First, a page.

Tax Working Group interim report.

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The Tax Working Group has recently released its Interim Report. We're thinking you most likely won't want to read all 194 pages, so here's the edited highlights! It's important to note that no final decisions have been made yet - the interim report is just a preview of what may be in the final report, which is due to be released in February 2019.

 As always, if there's anything you'd like to discuss, on this or any other issue, don't hesitate to get in touch.



Key highlights of the Tax Working Group Interim Report include:



Taxation of Capital Income
• Otherwise known as a capital gains tax.
• An extension of the tax net to include business/income assets not already taxed. Personal assets like cars and art works would be excluded. The family home would be excluded but second homes and holiday homes would be within scope.
• Possible tax options include a tax either when gains (or losses) are realised, or a risk free rate of return method, or a combination of both.
• Any gain, or loss, if taxed, will be calculated based on a valuation of assets at the date of implementation of the tax (likely to be 1 April 2021). Any gains (or losses) from date of acquisition until the implementation date would remain untaxed.
• Retention of the Fair Dividend Rate (FDR) regime for foreign shares, but potential reconsideration of the rate, and removal of the Comparative Value alternative for individuals and family trusts.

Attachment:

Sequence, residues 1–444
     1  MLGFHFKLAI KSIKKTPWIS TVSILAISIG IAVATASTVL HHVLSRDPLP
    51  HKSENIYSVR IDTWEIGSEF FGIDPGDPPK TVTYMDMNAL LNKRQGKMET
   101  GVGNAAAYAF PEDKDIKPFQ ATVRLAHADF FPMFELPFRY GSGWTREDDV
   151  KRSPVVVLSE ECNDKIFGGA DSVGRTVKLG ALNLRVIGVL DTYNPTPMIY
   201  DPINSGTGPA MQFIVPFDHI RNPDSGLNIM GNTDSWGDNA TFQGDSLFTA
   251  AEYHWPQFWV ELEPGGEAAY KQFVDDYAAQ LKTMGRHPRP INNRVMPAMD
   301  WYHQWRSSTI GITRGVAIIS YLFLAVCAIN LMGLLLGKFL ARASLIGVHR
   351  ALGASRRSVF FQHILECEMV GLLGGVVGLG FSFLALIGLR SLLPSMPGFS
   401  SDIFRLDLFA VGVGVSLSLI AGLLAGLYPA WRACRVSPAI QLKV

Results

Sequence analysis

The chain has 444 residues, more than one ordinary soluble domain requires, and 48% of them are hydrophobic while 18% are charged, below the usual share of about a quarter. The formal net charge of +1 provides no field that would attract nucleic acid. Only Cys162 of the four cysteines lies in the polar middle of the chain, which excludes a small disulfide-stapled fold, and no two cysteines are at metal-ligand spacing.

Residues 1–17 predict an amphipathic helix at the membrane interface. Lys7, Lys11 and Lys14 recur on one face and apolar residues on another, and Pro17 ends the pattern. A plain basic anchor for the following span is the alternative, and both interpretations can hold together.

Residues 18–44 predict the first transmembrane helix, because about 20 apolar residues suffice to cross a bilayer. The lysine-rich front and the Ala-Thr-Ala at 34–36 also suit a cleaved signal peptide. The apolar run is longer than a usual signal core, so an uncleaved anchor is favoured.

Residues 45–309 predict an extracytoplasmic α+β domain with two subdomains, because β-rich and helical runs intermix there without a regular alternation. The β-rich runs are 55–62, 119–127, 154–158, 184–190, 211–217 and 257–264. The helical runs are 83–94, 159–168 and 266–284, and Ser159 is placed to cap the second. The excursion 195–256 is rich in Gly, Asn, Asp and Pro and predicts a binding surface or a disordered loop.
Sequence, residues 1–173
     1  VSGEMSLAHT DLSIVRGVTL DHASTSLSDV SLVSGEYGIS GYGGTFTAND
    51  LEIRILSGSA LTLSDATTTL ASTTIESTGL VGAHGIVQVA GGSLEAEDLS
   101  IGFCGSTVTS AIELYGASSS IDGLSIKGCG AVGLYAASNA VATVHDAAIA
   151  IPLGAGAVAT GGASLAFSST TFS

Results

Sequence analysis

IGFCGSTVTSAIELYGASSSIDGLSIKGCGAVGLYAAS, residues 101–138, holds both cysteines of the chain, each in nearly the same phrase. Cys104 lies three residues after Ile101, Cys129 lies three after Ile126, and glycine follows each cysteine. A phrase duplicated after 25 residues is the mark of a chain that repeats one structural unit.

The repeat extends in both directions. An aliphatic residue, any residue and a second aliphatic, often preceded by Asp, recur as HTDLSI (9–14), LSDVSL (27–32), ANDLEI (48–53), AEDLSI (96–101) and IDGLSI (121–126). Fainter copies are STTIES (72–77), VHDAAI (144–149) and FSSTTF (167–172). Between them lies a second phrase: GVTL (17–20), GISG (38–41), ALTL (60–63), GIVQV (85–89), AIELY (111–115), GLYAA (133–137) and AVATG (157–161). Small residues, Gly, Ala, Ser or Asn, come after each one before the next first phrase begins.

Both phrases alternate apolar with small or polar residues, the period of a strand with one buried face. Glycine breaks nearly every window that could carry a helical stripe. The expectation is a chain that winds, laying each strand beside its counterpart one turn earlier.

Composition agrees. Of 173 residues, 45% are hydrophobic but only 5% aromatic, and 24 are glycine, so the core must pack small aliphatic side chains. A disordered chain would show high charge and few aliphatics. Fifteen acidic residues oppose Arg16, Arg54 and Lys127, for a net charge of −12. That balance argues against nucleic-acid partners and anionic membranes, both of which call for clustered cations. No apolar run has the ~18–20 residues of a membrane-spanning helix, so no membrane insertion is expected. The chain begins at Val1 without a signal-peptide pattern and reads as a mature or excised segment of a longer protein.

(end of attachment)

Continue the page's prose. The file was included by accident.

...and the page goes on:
• A realised gains tax brings with it detailed design questions on when and how it applies, as there are a variety of ways in which the relevant assets can be owned. This includes questions about "rollover" relief, ie whether there should be deferral of the tax arising from death, or a sale to acquire another asset. Integration with trust, company and PIE taxation regimes will also need to be considered.


Business Tax
• The company tax rate is recommended to remain unchanged.
Retirement Savings
• The interim report recommends removing tax on employer contributions to Kiwisaver for employees on incomes up to $48,000 and reducing both the 10.5% and 17% PIE tax rates by 5%. The highest PIE rate would remain at 28%.


GST
• The report recommends no changes to current GST settings.
• While GST should apply to financial services, this will be administratively complex.
• Better for the Government to provide targeted relief to affected groups, rather than removing GST from items such as food.
Integrity of the Tax System
• The report recommends making directors personally liable for a company's GST and PAYE obligations and debt.


Charities
• A review of the sector is being recommended on the basis that charities need to confirm that their intended social outcomes are being achieved.
• Charities may potentially be taxed on income (other than donations) they receive.
Individual Taxation
• The Tax Working Group has not yet completed its review on personal tax rates and income thresholds.
• The Interim Report does note that addressing inflation adjusted income tax is best done periodically via a review of thresholds.



We'll be back with another update when the final report is released in February 2019, but in the meantime let us know if you have any questions or concerns.